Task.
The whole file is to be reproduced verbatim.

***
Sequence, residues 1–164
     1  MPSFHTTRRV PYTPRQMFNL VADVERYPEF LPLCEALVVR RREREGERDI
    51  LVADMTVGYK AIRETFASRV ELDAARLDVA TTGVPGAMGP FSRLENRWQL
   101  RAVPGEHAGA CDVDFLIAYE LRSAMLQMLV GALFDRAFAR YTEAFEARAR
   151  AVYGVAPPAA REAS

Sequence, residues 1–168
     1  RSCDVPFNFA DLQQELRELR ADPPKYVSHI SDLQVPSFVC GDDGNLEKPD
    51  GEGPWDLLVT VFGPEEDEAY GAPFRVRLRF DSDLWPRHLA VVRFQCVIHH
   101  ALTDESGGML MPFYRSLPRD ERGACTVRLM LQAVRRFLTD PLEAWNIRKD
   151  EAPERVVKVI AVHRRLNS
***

Sequence, residues 1–164
     1  MPSFHTTRRV PYTPRQMFNL VADVERYPEF LPLCEALVVR RREREGERDI
    51  LVADMTVGYK AIRETFASRV ELDAARLDVA TTGVPGAMGP FSRLENRWQL
   101  RAVPGEHAGA CDVDFLIAYE LRSAMLQMLV GALFDRAFAR YTEAFEARAR
   151  AVYGVAPPAA REAS

Sequence, residues 1–168
     1  RSCDVPFNFA DLQQELRELR ADPPKYVSHI SDLQVPSFVC GDDGNLEKPD
    51  GEGPWDLLVT VFGPEEDEAY GAPFRVRLRF DSDLWPRHLA VVRFQCVIHH
   101  ALTDESGGML MPFYRSLPRD ERGACTVRLM LQAVRRFLTD PLEAWNIRKD
   151  EAPERVVKVI AVHRRLNS